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The Town of Longmeadow is proud of its residential architecture stick
The Town of Longmeadow is proud of its residential architecture stick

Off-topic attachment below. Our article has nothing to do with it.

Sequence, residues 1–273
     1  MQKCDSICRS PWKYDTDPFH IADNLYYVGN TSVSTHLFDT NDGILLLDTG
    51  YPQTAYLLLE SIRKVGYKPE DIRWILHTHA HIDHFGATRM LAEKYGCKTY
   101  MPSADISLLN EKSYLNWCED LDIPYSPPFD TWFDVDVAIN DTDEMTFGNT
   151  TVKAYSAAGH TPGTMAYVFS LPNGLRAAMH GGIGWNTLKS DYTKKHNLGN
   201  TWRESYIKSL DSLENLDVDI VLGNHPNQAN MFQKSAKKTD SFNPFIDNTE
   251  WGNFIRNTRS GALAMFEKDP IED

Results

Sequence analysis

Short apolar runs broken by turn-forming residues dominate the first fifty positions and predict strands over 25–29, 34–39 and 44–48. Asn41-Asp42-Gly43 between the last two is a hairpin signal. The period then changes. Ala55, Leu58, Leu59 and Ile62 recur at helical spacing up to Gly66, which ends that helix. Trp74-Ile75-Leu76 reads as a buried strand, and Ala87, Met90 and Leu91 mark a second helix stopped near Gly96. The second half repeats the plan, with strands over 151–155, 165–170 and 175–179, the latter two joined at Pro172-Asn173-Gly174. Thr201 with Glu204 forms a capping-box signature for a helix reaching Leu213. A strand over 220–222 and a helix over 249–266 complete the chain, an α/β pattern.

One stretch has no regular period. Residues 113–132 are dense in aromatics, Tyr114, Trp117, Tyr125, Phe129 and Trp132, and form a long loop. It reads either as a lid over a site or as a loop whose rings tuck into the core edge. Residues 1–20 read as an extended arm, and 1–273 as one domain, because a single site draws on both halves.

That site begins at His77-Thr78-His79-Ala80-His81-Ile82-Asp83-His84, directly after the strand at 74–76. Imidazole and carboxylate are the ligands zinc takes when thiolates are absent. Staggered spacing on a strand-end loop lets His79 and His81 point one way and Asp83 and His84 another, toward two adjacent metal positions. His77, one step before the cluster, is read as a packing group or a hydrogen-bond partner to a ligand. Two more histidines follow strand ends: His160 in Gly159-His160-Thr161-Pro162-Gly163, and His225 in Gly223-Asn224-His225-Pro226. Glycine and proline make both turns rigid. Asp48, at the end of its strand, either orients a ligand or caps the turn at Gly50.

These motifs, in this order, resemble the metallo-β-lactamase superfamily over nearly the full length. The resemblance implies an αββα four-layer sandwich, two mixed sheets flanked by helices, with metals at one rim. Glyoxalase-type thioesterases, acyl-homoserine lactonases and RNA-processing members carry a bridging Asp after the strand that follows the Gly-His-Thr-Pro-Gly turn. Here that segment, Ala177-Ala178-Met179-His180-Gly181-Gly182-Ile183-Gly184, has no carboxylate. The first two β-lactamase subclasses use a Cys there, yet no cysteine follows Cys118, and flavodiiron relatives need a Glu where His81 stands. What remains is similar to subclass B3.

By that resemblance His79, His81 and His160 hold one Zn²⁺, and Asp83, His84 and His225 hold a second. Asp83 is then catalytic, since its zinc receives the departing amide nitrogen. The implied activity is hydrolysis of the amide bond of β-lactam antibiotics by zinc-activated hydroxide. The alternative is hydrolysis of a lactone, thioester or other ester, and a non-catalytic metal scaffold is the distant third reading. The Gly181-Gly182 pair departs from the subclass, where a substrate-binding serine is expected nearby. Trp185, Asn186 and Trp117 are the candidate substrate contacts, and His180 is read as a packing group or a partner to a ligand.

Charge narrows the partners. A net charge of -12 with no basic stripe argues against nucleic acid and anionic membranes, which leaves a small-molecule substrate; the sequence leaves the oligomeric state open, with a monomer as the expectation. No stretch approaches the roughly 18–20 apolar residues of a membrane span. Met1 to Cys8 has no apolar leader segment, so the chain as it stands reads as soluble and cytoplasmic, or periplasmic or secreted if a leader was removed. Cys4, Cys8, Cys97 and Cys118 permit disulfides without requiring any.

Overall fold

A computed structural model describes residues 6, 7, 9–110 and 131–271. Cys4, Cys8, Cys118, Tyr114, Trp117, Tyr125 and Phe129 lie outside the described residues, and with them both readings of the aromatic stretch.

The Town of Longmeadow is proud of its residential architecture. Many, many examples of historic and contemporary architectural styles exist in homes meticulously maintained by their appreciative owners. The gallery of photos you see here is a small subset of these Longmeadow residences. Those chosen for the web site are examples of pre-1970 homes and many go back to early Longmeadow origins of the 18 th century. The dominant architecture for each home is captioned and then a fuller description is provided. Pic Dominant Architectural Description # Style of house 1 Tudor Approximate year Tudor style was introduced in U.S. - 1900 Tudor is an elegant and popular architectural style based on English cottages erected during the reign of Queen Elizabeth (1558 – 1603) and then revived in the late 1800’s. By the 1920’s there was a preponderance of Tudor mansions in this country, which were followed soon after by smaller Tudor houses based on the English stone Cotswold cottage. While the primary exterior characteristic is that of the half timbers, other common features were small leaded casement windows, massive ornate chimneys and Cotswold-like “flared” roofs (the latter visible on the far right of this house). 2 “Gingerbread” Approximate year “Gingerbread” style was introduced in U.S. - (Late 1875 Victorian) Best known by the name “gingerbread”, referring to its profusion of decorative sawn details, this style evolved during a surge in carpentry equipment in this country. It is also known as the Carpenter style. Pattern books were used to create results that had a whimsical look. The typical gingerbread house is boxlike in shape and usually has a steep roof which provides ample opportunity for the carpenters’ detail 3 Spanish Approximate year Spanish Colonial Revival style was introduced Colonial in U.S. - 1925 Revival This style is a mixture derived from the Mediterranean world but influenced by the adobe of southern California, late Moorish architecture, medieval Spanish church architecture, Baroque architectures and the mission style. It became a very popular style in areas with a Hispanic past such as southern California, Texas and Florida. It is characterized by arched entryways, red tiled roofs and white plaster or stucco walls. This style is rare in Longmeadow. 4 Bungalow Approximate year Bungalow style was introduced in U.S. - 1910 The bungalow was influenced by many styles including Japanese tea houses, swiss chalets and log cabins. They were built in proliferation across the U.S during the early 1900’s and can be found in many variations. They were an answer to a widespread need for simpler residences and were loosely described as cottage like dwellings. The bungalow lines are low and simple with wide projecting roofs. Their design and material suggest a kind of coziness. Common bungalow features seen in the Longmeadow example are a gently pitched overhanging roof, a large porch with tapered posts, and low, shed dormers. 5 Log Cabin Approximate year Log Cabin style was introduced in U.S. - 1638 Our Longmeadow example was clearly not built during the typical era of the Log Cabin in this country and actually varies considerably from the pure log cabin style. However, it still adheres to the spirit of the architectural style. The log cabin was introduced into the U.S. by the Swedes in 1638. By the Revolution, the log cabin had become the standard frontier dwelling, inhabited by all nationalities as well as by the American Indian. Our example seems to most resemble the log cabin form called the “saddleback” in which there are two main rooms that “hang over” a fireplace. The primary characteristic of a log cabin is the exterior visibility of the round logs and the resulting advantage of not having to build an extra framework to hold up the walls. The style has endured and is still being built today. 6 Art Moderne Approximate year Art Moderne style was introduced in U.S. 1935 This architectural style consciously looked for an expression to compliment the machine age. The goals were simplicity and functionality. It borrowed from Art Nouveau and was also influenced by Art Deco. These houses were streamlined with rounded corners, flat roofs, horizontal bands of windows and smooth walls with no ornamentation. The semicircular room faintly visible on the right side of our Longmeadow example typifies this architectural style. 7 Cape Cod Approximate year Cape Cod style was introduced in U.S. - 1710 The Cape Cod cottage is a successful indigenous solution to life in a harsh natural environment based on early American building methods. It is one of the most rational, functional designs for a house in the history of architecture. Early Cape Cods were built by ship’s carpenters as though they were “land boats” made to ride shifting sands and withstand lashing wind and rain storms. They were low and broad with only a seven foot ceiling height. Inside, the rooms were clustered around a huge chimney that contained as many as four fireplaces, used for heating, cooking and light. Cape Cods have retained much of their original look and are very recognizable and prevalent in New England. 8 Split Level Approximate year Split Level style was introduced in U.S. - 1960 The split level style was a response to the late 1950’s culture that necessitated the separation of the formal, informal and sleeping areas of the house. It is considered a type of ranch. The family room and its ever present TV were the new items in these homes. By placing the entry and stairs in the middle of the building, all areas could be reached immediately from the front entrance. Longmeadow contains numerous examples of lovely well kept spacious split level homes, our example being just one of them. 9 Adam Approximate year Adam style was introduced in U.S. - 1800 Named after the Adam brothers of England who created their own Palladian-influenced style, Adam houses are part of the overall Federal architectural style. They are boxlike and delicate and usually symmetrical. It is common for them to have hip roofs with balanced chimneys on both sides to dispense sparks. Windows are narrow with slender mullions. Delicately detailed palladian windows are a common indicator of an Adam house, as in our Longmeadow example. 10 Stick Approximate year Stick style was introduced in U.S. - 1865 (Victorian The Stick home is another of the styles to emerge under the period) grouping of the Victorian period. Architectural historians have said of Stick buildings: “the skeleton becomes a total basketry of sticks and the house is a woven fabric”. Steep gables with stick-like trim work were common characteristics. Our Longmeadow example is a relatively small Stick home nestled in the lovely Bay Path College campus. Its most obvious Stick marking is its porch posts and railings.